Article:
RATES of government securities on offer this week may rise on expectations of further tightening by the central bank to support the weakening currency.
The Bureau of the Treasury (BTr) will auction off P15 billion in Treasury bills (T-bills) on Monday, made up of P5 billion each in 91-, 182-, and 364-day debt papers.
On Tuesday, the BTr will offer P35 billion in reissued 25-year Treasury bonds (T-bonds) with a remaining life of 12 years and 11 months.
A trader expects rates of T-bills and T-bonds on offer this week to continue rising after the Finance chief said the central bank may consider big hikes in their last two meetings for the year to help support the peso.
Finance Secretary Benjamin E. Diokno is a member of the Monetary Board, the Bangko Sentral ng Pilipinas’ (BSP) policy-setting body.
The trader said T-bill rates may climb by 25 basis points (bps) if awarded, while the average rate of the reissued 25-year bond could range between 7.75% and 8.125%.
Rizal Commercial Banking Corp. Chief Economist Michael L. Ricafort likewise said in a text message that Mr. Diokno’s signals could cause T-bill and T-bond yields to go up at this week’s auctions, tracking secondary market rates.
“With inflation and interest rates yet to peak, interest rates are still seen to rise, especially after the BSP hinted that more hikes are likely,” eManagement for Business and Marketing Services Managing Director Jonathan L. Ravelas added in a text message.
For his part, UnionBank of the Philippines, Inc. Chief Economist Ruben Carlo O. Asuncion said the reissued 25-year bonds to be auctioned off this week may fetch yields from 7.625% to 7.875% as investors anticipate further rate hikes here and abroad, which could cause the global economy to slow.
Mr. Diokno told Bloomberg last week that the government will act “aggressively” to prevent the peso from further weakening, which could include looking at a total of 100 bps worth of hikes at the BSP’s Nov. 17 and Dec. 15 meetings following 225 bps in cumulative increases since May.
If realized, this would bring the BSP’s policy rate to 5.25% — the highest since the central bank adopted the interest rate corridor framework in 2016.
Mr. Diokno also said the government plans to use its foreign exchange reserves to prevent the peso-dollar exchange rate from breaching P60 and bring it back to P55 by yearend, which is “where [they] want it to be.”
The country’s gross international reserves as of end-September stood at $93 billion, 4.5% lower than the $97.4 billion as of end-August.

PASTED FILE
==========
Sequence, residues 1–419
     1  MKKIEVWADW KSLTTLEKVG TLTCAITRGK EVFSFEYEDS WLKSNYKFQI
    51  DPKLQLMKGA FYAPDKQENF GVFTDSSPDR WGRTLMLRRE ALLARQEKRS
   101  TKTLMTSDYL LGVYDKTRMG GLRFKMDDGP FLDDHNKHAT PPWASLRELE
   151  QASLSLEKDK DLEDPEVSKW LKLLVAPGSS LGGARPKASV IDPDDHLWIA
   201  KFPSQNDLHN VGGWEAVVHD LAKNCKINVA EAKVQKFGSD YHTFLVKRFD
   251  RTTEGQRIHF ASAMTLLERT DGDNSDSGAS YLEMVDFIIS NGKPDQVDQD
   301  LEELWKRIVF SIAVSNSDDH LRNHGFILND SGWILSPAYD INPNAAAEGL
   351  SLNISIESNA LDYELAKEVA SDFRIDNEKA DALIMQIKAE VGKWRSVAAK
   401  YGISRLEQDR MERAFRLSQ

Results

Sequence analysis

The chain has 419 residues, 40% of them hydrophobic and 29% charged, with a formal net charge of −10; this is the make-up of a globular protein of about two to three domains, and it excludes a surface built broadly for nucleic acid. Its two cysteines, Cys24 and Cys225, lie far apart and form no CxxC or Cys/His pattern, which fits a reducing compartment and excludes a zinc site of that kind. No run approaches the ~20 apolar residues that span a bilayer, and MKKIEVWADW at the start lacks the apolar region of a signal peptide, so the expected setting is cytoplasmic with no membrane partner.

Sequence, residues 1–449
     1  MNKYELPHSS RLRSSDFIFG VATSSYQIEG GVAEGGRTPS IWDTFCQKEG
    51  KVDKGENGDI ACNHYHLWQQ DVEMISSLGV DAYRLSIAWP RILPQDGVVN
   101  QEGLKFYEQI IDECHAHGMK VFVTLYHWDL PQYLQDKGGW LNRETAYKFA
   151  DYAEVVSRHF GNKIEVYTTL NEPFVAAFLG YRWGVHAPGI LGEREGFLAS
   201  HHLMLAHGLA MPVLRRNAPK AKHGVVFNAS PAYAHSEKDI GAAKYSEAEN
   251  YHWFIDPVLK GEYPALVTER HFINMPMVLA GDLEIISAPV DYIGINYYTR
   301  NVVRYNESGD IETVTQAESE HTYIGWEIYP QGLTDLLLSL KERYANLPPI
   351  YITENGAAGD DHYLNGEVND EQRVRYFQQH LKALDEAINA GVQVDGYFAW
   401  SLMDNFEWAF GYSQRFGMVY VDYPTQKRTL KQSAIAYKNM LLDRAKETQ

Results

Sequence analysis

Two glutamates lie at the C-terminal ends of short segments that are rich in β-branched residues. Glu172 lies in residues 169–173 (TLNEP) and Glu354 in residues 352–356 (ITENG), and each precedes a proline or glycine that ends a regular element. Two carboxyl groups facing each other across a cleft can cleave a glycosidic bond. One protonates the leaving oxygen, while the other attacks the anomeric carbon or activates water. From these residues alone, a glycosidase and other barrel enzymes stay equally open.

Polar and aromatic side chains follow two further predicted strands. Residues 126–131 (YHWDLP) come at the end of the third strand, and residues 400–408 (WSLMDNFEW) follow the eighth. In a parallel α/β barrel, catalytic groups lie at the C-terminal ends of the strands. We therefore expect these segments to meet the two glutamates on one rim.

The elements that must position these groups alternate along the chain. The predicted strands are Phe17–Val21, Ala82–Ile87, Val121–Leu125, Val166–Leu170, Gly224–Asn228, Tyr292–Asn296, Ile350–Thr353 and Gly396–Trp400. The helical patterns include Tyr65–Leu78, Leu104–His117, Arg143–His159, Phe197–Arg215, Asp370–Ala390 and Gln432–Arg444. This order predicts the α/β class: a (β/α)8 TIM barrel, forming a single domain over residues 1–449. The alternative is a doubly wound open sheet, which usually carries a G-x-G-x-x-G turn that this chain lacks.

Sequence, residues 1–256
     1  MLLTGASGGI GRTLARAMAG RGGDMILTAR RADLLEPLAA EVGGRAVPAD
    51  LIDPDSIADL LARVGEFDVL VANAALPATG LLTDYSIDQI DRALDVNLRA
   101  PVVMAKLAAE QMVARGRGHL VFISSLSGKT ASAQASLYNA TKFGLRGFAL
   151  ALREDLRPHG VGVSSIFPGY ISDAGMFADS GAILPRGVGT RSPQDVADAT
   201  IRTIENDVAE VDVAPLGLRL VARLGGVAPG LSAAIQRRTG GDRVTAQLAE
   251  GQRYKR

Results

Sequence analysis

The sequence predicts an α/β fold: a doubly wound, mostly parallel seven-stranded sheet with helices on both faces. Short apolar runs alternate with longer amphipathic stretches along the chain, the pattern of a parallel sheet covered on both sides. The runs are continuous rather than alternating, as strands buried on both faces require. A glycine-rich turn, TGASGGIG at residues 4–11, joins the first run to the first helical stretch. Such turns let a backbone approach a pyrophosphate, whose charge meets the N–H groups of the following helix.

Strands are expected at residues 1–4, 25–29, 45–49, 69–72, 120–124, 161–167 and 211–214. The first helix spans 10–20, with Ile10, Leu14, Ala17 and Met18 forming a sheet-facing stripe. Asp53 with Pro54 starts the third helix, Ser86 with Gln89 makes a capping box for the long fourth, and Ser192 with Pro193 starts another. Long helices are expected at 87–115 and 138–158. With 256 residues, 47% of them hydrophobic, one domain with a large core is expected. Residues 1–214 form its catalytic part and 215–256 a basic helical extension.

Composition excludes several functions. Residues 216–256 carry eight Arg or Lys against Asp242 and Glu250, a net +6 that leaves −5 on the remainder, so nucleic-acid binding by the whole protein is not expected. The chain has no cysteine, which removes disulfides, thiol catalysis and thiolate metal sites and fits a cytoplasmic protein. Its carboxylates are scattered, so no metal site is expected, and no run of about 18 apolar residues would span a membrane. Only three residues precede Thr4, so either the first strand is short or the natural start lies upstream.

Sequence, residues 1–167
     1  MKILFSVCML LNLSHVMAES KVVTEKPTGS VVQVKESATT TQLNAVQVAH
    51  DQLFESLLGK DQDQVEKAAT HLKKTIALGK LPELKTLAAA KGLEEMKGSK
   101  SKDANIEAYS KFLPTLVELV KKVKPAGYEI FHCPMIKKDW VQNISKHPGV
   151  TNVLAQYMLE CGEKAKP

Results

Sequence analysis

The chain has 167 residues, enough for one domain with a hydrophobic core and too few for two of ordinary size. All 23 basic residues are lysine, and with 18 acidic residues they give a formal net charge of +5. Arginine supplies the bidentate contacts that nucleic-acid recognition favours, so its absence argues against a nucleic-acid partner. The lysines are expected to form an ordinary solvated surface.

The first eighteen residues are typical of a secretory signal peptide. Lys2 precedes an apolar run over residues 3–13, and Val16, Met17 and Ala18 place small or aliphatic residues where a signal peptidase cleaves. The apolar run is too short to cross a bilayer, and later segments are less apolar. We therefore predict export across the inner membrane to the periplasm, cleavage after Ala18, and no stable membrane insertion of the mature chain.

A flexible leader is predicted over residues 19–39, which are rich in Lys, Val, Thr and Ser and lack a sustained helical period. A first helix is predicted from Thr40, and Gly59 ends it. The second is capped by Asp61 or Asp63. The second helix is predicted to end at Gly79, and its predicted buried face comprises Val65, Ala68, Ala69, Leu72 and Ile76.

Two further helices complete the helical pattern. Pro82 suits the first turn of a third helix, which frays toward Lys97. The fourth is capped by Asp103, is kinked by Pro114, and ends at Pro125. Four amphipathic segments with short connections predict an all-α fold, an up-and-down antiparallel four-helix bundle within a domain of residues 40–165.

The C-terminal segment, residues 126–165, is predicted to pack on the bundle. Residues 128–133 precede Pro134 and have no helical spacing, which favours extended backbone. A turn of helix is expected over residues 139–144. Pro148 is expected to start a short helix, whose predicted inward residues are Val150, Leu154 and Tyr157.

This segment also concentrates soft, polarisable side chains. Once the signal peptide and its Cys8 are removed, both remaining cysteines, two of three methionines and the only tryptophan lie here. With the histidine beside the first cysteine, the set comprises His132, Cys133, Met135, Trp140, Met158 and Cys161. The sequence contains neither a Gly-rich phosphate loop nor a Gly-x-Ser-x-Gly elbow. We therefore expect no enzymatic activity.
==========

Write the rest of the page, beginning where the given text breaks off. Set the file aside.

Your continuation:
On Friday, the local currency ended at P58.75 against the dollar. For the year so far, the peso has weakened by 15.2% or P7.75 from its P51 close on Dec. 31, 2021.
At the secondary market on Friday, the 91- 182- and 364-day T-bills were quoted at 3.5554%, 4.3793%, and 3.9236%, respectively, based on the PHP Bloomberg Valuation Service Reference Rates published on the Philippine Dealing System’s website.
Meanwhile, the 10-year bond, the tenor closest to the remaining life of the bonds to be auctioned off this week, fetched a yield of 7.3823%.
Last week, the BTr rejected all bids for its offer of T-bills, even as total tenders reached P16.303 billion, higher than the P15 billion on the auction block.
Broken down, the Treasury refused all offers for the 91-day T-bill even as total tenders reached P7.6 billion, above the P5-billion plan. Had the Treasury made a full award, the three-month debt papers would have fetched an average rate of 4.82%, 250.2 bps higher than the 2.318% seen on Sept. 5, the last successful award of the tenor.
The BTr also turned down all 182-day securities even as demand reached P5.503 billion, higher than the programmed P5 billion. If the offer was fully awarded, the average rate of the six-month T-bill would have gone up by 126.8 bps to 5.226% from the 3.958% quoted for the last successful award on Sept. 26.
Lastly, the government did not award any 364-day debt papers as total bids came in at only P3.2 billion, below the P5-billion offer. Had the Treasury accepted these bids, the average yield on the one-year instrument would have jumped by 208 bps to 5.862% from the 3.782% fetched for the tenor when it was last awarded on Aug. 22.
Meanwhile, the reissued 25-year bonds to be offered on Tuesday were first issued on Sept. 30, 2010 at a coupon rate of 8%.
The BTr plans to raise P200 billion from the domestic market this month, or P60 billion through T-bills and P140 billion from T-bonds.
The government borrows from local and external sources to help plug a budget deficit capped at 7.6% of gross domestic product this year. — L.M.J.C. Jocson